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DAISY Kate Moss

Fashion Dos & Don’ts

Tiger deaux-nuts

made with bacon

Table of Contents

On the cover Every 2 Kate moss: thing fashion dos & don’ts e l s e 3 Tiger Deaux-nuts 5 Review: the strokes

Message from the editor

OH MY GOD, it is already a month into the fall semester? I am already working on my first major project? Don’t these people realize we are human beings – young human beings and not robots being trained for their version of adulthood? Can’t I at least afternoon at the pool? It’s still

have one more hot outside! OK, I have that out of my system. The fall semester is kind of like the lift-off stage of the academic rocket, the winter break that moment of radio silence and the spring, the rocky descent back to earth. Right now, I’m just getting used to weightlessness, to floating in the space of the semester. I’m trained; I’m ready and even if I’m not, I’m here. Still would like another afternoon at the pool, though. Yours, Hailey Curtis Editor, Daisy

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Kate Moss’s Fashion Dos & Don’ts by Hailey Curtis

Fashion icon, Kate Moss, shared her fashion dos and don’t with Daisy Magazine. Moss said to stay away from the same color top and bottom. “The only acceptable time to wear the same color top and bottoms is when wearing a romper or a dress,” Moss said. Moss suggested pairing a patterned top with solid color shorts. Moss said putting a pattern with a solid makes a great outfit.



Tiger Deaux-Nuts

by Alex Cook

You can’t get up early enough for dreams. I show up around six in the morning but Jeff Herman of Tiger Deaux-Nuts has been there for two hours already because he has a dream about doughnuts. Herman counts off the unglazed donuts on his racks, figuring out how many of each kind to make. Tiger Deaux-Nuts doesn’t specialize in gourmet doughnuts, its all he makes. currently he makes a maple bacon, bananas foster, chocolate mint, chocolate peanut butter, s’mores, apple pie, key lime pie and, my favorite, a vanilla jalapeno. “I have to keep six aside with just maple for one of my regulars. “ At this phase, Tiger Deaux-Nuts is a very personal business. It’s only open Saturday mornings on the backside of a nondescript strip of shops on Jones Creek Road, just north of the intersection with Coursey. One doesn’t wind up here on accident. “I’d like it to be where a hundred people walk in and I know what seventy-five of them are going to order.” Herman has a ways to go, but he has the dream and he has the product. These are the best doughnuts within a hundred miles. The donut itself has a heft and The end result of Tiger Deaux-Nuts. Photo Credit: by Alex Cook crispness you just are not going to find in a place that has to deal in that subs for clever or inventive, but straight up amazing. There is the volume, and each one is hand decorated to ensure it is a culinary ex- tiniest crunch to the doughnut holes, the glaze carrying a toothiness perience to its fullest. I know this for a fact because after I confessed that you just don’t find elsewhere. to a stint working in a doughnut shop in high school, Herman orders His maple bacon is the big seller, a tag-team of rich sweetness me to scrub up and puts me to work. with just a nod of salt from the bacon. The chocolate mint and pea “We have to work quickly because the vanilla glaze hardens nut butter ones are exercises in restraint. There is just enough topquickly,” Herman offers as I start plugging the centers with marinat- ping piped in on these to get the flavor across without becoming too ed apple chunks for the apple pie donuts and then drizzling them much. with the thick juice of the marinade. Doughnut making is a weirdly The apple pie, bananas Foster, and key lime varieties are archeantiquarian business, one where you apprentice with a doughnut cut- tectural feats. “I like to think of them as deconstructions,” Herman ter before you are left to work the dough and the fryer and the icing offers as he balances chocolate graham crackers with lime slices fresh bags yourself. Herman learned his way by watching every YouTube from the mandolin. Almost as much thought goes into them as does video he could on the subject and then hanging out in area doughnut work. shops, peeking through the kitchen door to glean what he can. The vanilla jalapeno variety is probably the simplest in structure, “When you start conceiving of a business, you have to look five but to my taste, the most inventive of the bunch. The peppers are years, ten years down the line,” says Herman as he lays out handfuls seeded and cut into moons, offering a twinge of heat to bounce off of crumbled bacon on a tray of maple-glazed bounty. He looked at the vanilla icing, tickling every flavor profile on the rebound. “That places like Voodoo Donuts in Portland, places where the foodie hun- heat comes on quickly and then disappears before you get the burn,” ger for the next thing meets the eagerness of the entrepreneur. “I he smiles as I steal a bite. don’t just want to be in the donut business,” Herman explains. “I want Eight a.m. rolls around just as the last of the peanut butter has to be in the business-starting business.” been piped, the final row of apple pie has been dusted with crumble, That said, there are donuts to fill. I am tasked with pushing ja- and Herman changes into a light purple Oxford. He sets a table up lapeno slivers into the icing while his sister Nicole steps in to spread by the door with his meticulous, dream-filled bounty behind him as melted marshmallow on the s’more ones. Herman is off to the side he updates Facebook to tell the world he’s open. Then, with a slight carefully tending to a commercial grade mixer. “I think I have a per- exhale, he looks to the door, ready for whatever opportunity comes fect meringue going here.” through. The whole reason he is working out of this location is because he’s partnering with a catering business that works here the rest of the Tiger Deaux-Nuts week. He wields an icing bag, pushing in the aforementioned perfect 4608 Jones Creek Rd. Suite 250 (in the back) meringue into holes in the side of the doughnut shells destined for Baton Rouge, LA. the key lime variety. “I’d like to move into mid-city or maybe over (469) 387-2340 in the Perkins overpass area.” He talks of a bistro, of partnering with other businesses, of more things this doughnut business can become. Open Saturdays from 7:30 am-12:30 pm Now, before we get all starry eyed with possibility, let us address Cash or credit card. $10 a dozen, $6 for a half-dozen, $2 apiece the product at hand. His doughnuts are amazing, and not in a way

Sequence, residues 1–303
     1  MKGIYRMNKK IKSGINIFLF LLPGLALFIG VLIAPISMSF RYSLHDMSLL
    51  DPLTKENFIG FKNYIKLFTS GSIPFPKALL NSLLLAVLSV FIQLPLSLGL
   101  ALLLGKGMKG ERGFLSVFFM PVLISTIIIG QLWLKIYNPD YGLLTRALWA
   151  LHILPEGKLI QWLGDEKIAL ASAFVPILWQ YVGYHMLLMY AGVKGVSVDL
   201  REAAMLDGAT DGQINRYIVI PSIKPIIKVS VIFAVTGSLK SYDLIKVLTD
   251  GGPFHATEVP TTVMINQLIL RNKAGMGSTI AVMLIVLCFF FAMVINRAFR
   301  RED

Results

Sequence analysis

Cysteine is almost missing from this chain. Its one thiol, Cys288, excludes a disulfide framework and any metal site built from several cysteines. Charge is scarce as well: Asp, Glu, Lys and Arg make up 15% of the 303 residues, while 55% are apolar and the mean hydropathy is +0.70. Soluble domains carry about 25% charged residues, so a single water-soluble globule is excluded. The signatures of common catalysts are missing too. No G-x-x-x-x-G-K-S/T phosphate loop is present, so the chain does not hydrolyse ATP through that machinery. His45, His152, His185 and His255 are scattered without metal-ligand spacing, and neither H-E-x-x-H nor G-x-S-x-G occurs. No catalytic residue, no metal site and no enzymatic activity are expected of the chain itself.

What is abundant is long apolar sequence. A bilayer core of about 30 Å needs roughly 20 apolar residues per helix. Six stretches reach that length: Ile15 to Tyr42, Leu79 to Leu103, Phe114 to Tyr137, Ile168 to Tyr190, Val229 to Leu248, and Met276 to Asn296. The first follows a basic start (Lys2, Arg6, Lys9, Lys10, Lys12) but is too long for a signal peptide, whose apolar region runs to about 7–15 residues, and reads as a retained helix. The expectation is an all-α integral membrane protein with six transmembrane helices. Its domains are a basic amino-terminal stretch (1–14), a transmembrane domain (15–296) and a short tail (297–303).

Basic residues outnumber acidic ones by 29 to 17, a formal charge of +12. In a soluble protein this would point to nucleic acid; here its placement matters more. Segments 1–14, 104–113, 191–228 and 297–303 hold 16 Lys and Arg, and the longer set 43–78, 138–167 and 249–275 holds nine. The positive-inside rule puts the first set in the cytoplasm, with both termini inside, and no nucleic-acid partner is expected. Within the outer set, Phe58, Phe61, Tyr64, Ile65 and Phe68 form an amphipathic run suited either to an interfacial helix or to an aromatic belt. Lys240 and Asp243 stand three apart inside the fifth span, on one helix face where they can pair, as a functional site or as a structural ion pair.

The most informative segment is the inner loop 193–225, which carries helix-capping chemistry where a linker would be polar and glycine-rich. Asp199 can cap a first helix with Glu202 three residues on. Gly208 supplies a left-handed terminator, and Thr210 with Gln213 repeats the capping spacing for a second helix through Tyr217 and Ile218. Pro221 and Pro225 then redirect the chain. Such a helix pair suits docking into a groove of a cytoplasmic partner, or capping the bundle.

By Annie Weldon

The Strokes mixed old and new sounds fir their fifth album, “Comedown Machine� which was released March 22, 2013. The first song “Tap Out� is a pop electronic beat, but it’s by far one of the better songs off the album. But the rest of the album is just the same sound from their earlier albums. The first song released “All the Time� is loud and punchy, but it’s by no means interesting. Frontman Julian Casablancas singing in falsetto is strained in “One Way Trigger� but surprisingly it works rater well, mainly because of the mix of rock pop sound. Casablancas displays a wider range and sounds the best on this track. “Welcome to Japan� is probably the most fun song on the album.

The Strokes performing a concert in 2006. Photo Credit: Kathy Saunders With its mix of rock, pop and electronic, it’s upbeat and the lyrics anything but forgettable. Favorite lyric? “We’ve got to get to work now/Sliding it off your shoulder/As we’re falling over�. The song is clever, and is the best on the album coming across as positively addictive. The rest of the album is pretty basic and switches from hard on “Partners in Crime� to a softer “Chances�, which is probably the most romantic sounding ballad on the album. The album is decent, but it’s not necessarily their best. If the band wanted to evolve, this was not the album that proved it. In any case, it’s worth a listen, just for the few addictive and impressive songs that tune out the boring ones.

Performance at UK Festival in 2002. Photo Credit: Colin Lane

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Review: The Strokes – Comedown Machine